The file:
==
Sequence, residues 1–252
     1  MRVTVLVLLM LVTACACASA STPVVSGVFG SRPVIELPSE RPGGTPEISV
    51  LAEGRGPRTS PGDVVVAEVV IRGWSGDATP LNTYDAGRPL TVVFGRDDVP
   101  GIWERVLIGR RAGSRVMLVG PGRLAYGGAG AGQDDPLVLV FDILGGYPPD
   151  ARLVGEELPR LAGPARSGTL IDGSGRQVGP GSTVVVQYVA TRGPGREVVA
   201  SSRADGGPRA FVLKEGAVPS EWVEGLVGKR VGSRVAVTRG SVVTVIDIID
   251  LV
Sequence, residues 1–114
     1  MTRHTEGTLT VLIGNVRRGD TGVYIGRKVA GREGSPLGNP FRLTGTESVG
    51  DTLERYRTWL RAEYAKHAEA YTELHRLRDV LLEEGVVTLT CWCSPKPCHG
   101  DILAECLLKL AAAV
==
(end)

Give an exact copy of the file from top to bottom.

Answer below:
Sequence, residues 1–252
     1  MRVTVLVLLM LVTACACASA STPVVSGVFG SRPVIELPSE RPGGTPEISV
    51  LAEGRGPRTS PGDVVVAEVV IRGWSGDATP LNTYDAGRPL TVVFGRDDVP
   101  GIWERVLIGR RAGSRVMLVG PGRLAYGGAG AGQDDPLVLV FDILGGYPPD
   151  ARLVGEELPR LAGPARSGTL IDGSGRQVGP GSTVVVQYVA TRGPGREVVA
   201  SSRADGGPRA FVLKEGAVPS EWVEGLVGKR VGSRVAVTRG SVVTVIDIID
   251  LV
Sequence, residues 1–114
     1  MTRHTEGTLT VLIGNVRRGD TGVYIGRKVA GREGSPLGNP FRLTGTESVG
    51  DTLERYRTWL RAEYAKHAEA YTELHRLRDV LLEEGVVTLT CWCSPKPCHG
   101  DILAECLLKL AAAV